As response to the liberal quest of spreading democratic values, conflict has occurred in those nations who do not adhere to these principles embodied by supranational organisations. Autocratic or general undemocratic states have been continually chosen to host western involvement that has led to an evolved point of warfare as a direct result of the liberal quest of spreading democracy. We see this with George Bush’s New World Order venture leading to the Gulf War in 1991 based on both US hegemony but also embodying liberal views of spreading the liberal agenda. Wherever we look conflict occurs, even in places that attempt to bring about a system of no conflict, this idea of conflict for peace is seemingly contradictory and raises further issues over conflict’s place in the global order.
However, the free trade model of liberals and interdependence does point towards hierarchy, competing states who have access to resources will naturally rise to the top. Further issues of hierarchy are espoused by scholars who subscribe to the liberal expansion mission, believing those who aren’t subscribed to liberal democratic values don’t deserve the same sovereign rights (Clapton, 2014). This ‘anti-pluralist’ sect of liberalism can ‘advocate the formal rehierarchisation of international society’ (Reus-Smit: pp: 72, 2005) and ultimately promotes issues of hierarchy in the venture to bring Liberalism universally.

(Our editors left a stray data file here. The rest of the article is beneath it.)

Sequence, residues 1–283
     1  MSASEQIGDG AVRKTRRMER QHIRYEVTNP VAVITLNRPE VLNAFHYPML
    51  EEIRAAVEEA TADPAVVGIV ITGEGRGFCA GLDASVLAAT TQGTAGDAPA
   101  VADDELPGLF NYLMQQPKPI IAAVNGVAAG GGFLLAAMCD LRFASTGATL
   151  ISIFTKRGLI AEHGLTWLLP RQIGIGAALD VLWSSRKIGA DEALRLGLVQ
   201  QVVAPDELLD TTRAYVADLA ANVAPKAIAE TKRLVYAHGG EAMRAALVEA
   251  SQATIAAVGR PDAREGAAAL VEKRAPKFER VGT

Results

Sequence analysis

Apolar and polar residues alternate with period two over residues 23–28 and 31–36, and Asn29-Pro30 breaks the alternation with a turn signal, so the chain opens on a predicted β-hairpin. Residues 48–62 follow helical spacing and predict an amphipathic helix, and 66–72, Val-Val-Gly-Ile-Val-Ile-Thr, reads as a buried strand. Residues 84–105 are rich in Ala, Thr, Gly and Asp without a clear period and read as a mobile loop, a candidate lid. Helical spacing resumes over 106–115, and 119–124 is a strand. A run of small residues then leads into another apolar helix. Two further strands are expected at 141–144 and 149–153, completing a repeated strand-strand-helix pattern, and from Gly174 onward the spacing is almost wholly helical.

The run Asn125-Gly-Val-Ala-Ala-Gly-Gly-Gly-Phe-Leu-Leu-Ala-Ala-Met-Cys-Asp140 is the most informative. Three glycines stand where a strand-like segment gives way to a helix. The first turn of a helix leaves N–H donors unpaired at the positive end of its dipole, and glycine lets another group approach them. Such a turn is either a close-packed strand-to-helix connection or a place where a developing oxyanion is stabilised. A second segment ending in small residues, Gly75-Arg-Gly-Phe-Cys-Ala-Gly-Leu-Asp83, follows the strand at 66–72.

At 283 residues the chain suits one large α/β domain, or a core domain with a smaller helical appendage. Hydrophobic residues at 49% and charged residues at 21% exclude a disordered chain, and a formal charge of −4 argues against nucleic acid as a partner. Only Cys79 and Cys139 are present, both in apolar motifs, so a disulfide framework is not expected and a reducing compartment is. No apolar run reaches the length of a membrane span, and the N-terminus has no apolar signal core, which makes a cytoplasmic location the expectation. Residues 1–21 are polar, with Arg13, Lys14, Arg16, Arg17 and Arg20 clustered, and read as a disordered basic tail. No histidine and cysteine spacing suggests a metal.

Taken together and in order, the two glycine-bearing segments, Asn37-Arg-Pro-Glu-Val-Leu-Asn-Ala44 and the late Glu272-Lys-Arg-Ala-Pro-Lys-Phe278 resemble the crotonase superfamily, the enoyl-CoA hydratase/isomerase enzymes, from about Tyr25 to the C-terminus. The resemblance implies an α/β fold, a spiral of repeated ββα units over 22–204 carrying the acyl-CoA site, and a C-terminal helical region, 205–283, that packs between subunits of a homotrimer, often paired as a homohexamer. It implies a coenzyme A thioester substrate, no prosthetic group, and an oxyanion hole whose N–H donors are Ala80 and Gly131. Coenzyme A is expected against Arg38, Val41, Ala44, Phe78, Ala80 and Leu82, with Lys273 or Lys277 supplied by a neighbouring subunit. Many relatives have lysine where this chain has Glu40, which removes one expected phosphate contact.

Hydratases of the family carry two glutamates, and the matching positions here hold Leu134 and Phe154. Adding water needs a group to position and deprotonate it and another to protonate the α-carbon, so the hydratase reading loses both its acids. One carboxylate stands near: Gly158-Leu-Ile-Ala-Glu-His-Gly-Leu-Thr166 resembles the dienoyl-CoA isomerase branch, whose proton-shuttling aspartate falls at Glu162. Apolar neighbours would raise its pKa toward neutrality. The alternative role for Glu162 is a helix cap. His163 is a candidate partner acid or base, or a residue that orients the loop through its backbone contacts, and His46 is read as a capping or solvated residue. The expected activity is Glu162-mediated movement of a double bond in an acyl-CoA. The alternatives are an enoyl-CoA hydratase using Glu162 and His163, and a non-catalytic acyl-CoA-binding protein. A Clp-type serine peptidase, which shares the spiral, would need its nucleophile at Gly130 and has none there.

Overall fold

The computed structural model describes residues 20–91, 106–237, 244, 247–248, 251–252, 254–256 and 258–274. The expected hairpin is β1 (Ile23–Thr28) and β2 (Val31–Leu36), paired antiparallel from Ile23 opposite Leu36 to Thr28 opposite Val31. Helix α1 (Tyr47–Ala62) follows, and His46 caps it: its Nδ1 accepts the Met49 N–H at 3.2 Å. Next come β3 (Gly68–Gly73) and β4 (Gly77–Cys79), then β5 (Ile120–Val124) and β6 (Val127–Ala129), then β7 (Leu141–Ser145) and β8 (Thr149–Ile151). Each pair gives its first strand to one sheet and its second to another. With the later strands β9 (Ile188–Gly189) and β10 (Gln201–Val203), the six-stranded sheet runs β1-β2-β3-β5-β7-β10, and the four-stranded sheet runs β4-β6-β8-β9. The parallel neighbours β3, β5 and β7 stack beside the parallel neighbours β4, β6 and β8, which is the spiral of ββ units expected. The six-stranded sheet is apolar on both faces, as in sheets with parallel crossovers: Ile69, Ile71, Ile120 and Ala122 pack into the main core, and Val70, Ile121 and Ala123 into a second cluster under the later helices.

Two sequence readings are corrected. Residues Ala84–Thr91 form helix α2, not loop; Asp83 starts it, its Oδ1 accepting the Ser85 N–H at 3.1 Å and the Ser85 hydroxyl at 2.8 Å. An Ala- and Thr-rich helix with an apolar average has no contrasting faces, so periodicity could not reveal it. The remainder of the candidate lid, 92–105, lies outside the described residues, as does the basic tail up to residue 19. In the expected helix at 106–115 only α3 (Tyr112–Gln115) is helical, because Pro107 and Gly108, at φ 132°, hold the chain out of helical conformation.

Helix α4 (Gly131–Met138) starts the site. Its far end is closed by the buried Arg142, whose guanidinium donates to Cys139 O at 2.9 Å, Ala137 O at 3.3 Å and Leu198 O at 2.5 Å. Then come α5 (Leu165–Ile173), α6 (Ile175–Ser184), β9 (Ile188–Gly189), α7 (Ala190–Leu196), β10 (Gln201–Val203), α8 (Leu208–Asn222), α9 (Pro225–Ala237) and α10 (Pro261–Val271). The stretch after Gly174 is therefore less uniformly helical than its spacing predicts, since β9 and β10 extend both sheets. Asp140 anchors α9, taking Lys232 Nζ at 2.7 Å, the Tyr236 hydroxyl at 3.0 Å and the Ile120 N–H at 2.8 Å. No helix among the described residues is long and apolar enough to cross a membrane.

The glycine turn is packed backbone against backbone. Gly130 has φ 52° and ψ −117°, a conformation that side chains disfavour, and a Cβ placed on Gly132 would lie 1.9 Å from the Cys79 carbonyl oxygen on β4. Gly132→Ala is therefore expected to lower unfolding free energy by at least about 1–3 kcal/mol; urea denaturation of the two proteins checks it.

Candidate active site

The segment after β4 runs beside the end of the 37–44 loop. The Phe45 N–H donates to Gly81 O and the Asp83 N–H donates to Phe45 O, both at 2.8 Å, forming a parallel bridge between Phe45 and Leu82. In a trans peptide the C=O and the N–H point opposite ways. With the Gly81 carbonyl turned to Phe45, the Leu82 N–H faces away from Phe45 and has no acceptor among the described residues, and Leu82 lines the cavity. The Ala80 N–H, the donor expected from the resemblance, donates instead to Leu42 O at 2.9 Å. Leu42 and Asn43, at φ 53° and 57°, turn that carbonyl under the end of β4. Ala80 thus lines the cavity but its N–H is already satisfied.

In conclusion whilst the issue of infinite wants, and finite resources presents the issue of friction in the international over conflicting interests, this can be mitigated in the Liberal view through the three main ventures of interdependence, institutionalism, and republicanism/democratic peace. Thus, limiting conflicting to a matter of difference in political systems rather than inherent to the nature of global politics, however it is important to recognise that whilst free trade limits physical conflict the use of embargoes and other trade tactics presents a new form of conflict between states. Marxism agrees with Liberalism in the fact there is a systemic change needed for conflict to be removed from global politics and see capitalism as the cause of conflict, where there is a ruling class, there is a working class being exploited.
Liberals espouse a view that is suggestive of a hierarchy, whilst key liberals like Adam Smith seek justice and greater distribution of wealth and income, the international will naturally be made up of states that are larger. Whilst Marxists believe in the need to remove capitalism and replace it with communism to beat conflict and hierarchy in the international. Both views provide the answer that conflict and hierarchy aren’t necessarily inherent and instead there needs to be a structural change to the political economy.